Kudos to Redondo Beach Mayor Bill Brand for representing the people first (“Mayor Brand still the citizen-activist,” ER Jan. 2, 2020). The State of the City address should always be a public one, open to all, free of charge. It’s not a Chamber of Commerce event. The City shouldn’t be catering to the Chamber, on a weekday morning with City staff spending City time (and money) to attend a for-profit meeting for the Chamber of Commerce regarding the “state of the City.” This long-standing, yet inappropriate, for-profit, annual address to a special interest group should be discontinued.
Without a doubt Bill Brand is the finest Mayor Redondo Beach has had in a very long time (“Mayor Brand still the citizen-activist,” ER Jan. 2, 2020). Mayor Brand represents the best in what a leader can accomplish. Beginning as a citizen activist, continuing as a City Councilman, and continuing throughout his tenure as Mayor of Redondo Beach, Brand has been successful in stopping unwanted development, leading citizen activism and strongly representing the desires of Redondo’s citizens. You just can’t ask for finer leadership. Redondo has suffered mightily under poor leadership for years. It’s now time to break the 3-2 City Council logjam and finish what Mayor Brand and his supporters have started.
No city is an island
I disagree with Mark Burton’s assertions that Manhattan Beach should raise their sales tax to fund pension obligations and forestall the County from claiming the available rate (“On Manhattan Government,” ER Jan. 9, 2020). Burton merely provides a bunch of scary factoids to justify more taxation for what seems to be a rather parochial position. Yes, the city owes $74 million in pension liabilities — if the city would shut down tomorrow. And although our annual pension contribution is increasing, with the exception of safety personnel, much of this annual liability is charged to funds with their own revenue stream, such as water and sewer, and are thus funded through those taxes. Further, even if all pension contributions were paid through the general fund, our property taxes are increasing annually by around $1.6 million, which would cover the projected liabilities cited in Burton’s column. Were this pension problem to be such an existential crisis for Manhattan Beach as one hears every election cycle, one would not have expected the City Council to have aborted review of transferring the Fire Department to the County, when further exploratory costs were only $18,000, and potential savings were cited as high as $22 million.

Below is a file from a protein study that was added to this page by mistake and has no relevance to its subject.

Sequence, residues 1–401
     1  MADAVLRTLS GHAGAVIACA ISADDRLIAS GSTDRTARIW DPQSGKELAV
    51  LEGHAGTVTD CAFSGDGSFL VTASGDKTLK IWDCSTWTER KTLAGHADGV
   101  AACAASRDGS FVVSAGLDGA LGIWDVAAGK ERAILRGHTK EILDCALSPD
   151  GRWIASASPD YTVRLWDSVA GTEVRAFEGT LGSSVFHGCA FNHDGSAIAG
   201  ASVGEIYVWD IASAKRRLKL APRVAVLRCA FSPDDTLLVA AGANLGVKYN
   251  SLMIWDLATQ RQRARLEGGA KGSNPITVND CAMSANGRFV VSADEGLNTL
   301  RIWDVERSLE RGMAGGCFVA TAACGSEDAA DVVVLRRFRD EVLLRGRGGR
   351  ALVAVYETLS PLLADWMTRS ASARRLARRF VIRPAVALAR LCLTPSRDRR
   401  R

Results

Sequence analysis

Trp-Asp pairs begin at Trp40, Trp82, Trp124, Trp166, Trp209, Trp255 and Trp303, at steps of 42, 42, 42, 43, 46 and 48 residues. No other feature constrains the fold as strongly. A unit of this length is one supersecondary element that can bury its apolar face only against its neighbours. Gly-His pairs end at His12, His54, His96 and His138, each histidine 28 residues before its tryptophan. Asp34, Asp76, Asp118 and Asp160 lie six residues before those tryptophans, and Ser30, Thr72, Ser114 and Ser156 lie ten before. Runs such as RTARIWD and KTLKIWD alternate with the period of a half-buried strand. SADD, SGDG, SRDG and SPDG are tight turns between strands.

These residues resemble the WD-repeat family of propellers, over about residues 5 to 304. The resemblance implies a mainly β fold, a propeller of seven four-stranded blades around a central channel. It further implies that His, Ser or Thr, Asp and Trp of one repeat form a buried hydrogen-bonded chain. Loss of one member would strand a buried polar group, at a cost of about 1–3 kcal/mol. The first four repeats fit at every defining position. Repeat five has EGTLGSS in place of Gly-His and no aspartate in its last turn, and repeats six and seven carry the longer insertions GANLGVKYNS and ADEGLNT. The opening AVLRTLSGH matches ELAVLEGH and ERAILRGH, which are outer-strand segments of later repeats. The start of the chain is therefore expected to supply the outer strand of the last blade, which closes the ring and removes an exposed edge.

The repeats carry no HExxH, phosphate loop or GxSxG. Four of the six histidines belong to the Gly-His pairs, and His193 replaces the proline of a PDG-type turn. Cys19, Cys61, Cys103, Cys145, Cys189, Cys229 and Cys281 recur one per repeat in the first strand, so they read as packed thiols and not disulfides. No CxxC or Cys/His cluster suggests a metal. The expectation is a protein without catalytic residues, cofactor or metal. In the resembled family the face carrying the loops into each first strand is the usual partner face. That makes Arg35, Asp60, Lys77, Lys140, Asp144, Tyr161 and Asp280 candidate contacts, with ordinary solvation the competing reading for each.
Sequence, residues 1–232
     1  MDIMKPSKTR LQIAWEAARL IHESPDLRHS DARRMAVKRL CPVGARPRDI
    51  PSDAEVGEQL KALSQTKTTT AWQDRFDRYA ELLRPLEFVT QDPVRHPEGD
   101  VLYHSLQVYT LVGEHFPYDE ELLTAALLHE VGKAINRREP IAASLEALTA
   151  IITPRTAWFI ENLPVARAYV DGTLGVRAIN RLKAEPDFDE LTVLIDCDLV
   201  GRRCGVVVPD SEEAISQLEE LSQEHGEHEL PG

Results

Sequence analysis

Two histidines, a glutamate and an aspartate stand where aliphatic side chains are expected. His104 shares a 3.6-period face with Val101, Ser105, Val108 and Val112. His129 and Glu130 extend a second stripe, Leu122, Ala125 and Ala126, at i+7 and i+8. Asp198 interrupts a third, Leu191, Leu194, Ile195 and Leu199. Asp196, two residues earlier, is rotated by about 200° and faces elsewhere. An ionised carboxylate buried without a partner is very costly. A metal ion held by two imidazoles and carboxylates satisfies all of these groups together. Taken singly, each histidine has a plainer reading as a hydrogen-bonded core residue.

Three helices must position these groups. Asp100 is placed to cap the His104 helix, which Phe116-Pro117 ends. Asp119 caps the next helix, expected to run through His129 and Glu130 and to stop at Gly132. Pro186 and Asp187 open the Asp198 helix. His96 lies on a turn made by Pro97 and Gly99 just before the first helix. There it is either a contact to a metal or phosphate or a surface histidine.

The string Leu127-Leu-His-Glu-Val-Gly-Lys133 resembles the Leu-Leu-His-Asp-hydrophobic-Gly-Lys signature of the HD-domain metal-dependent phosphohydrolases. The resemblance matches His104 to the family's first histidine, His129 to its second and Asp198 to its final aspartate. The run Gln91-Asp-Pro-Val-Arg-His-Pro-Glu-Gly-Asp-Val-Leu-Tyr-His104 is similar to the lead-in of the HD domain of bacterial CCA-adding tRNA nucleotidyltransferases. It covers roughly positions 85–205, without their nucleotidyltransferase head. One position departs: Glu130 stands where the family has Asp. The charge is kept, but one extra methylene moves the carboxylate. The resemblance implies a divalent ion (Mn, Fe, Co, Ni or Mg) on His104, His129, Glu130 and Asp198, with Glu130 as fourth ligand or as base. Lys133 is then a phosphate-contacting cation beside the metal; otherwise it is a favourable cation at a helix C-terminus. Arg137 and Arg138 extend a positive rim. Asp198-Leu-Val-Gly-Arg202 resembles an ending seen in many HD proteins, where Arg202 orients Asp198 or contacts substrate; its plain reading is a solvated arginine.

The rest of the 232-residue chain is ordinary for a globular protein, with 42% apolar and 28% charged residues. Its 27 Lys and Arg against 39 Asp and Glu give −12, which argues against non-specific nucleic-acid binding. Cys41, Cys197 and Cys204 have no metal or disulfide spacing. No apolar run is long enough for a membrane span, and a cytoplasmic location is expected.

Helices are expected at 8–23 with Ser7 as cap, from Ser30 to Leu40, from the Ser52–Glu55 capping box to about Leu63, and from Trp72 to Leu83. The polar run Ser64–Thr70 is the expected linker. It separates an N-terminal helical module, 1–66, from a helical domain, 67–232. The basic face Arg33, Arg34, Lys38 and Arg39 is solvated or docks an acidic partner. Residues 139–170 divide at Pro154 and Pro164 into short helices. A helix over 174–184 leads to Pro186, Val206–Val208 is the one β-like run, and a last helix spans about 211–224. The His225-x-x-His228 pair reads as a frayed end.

It is also disturbing that Burton calls for the City to pre-empt the county from acquiring taxes from a raised rate, as if residents of Manhattan Beach are disconnected from L.A. County. If nothing else, I would expect a large amount of any increased sales tax revenue to be derived from non-Manhattan Beach county residents. Further, there is no mention in the column about addressing the pension/salary/benefit cost side of the equation, or reduction of the privileged discretionary spending we enjoy due to our city’s resources. This resident would certainly be ashamed to vote for a city sales tax increase that could otherwise go to, for instance, the county’s foster care services so that Manhattan Beach can maintain its six-figure, “free” holiday parking program.
Residents arguing for more ADUs are seeking additional rents on their properties at their neighbors’ expense. ADUs put more people on the same property, but do not put additional parking for their cars on the property. So, those living in the ADUs park in the street. Neighbors who own homes in the neighborhood have no street parking for their visitors, deliveries etc. And 93 percent of working Redondo residents commute out of Redondo every day to work. ADUs equal more cars and more traffic. Our infrastructure (schools, roads, fire fighting and police, water, sewers, parking etc.) is carrying more residents than it can support. The city’s small share of property taxes does not nearly cover the cost of infrastructure maintenance, much less pay for upgrades. We need good local jobs, not more residents. A landowner’s desire to build an ADU has nothing to do with solving a housing crisis or affordability. Redondo ADUs are built at great expense on expensive beach-city property paying high property taxes – they aren’t affordable: they are built to generate market rents and profit for the property owner.
by Judy Rae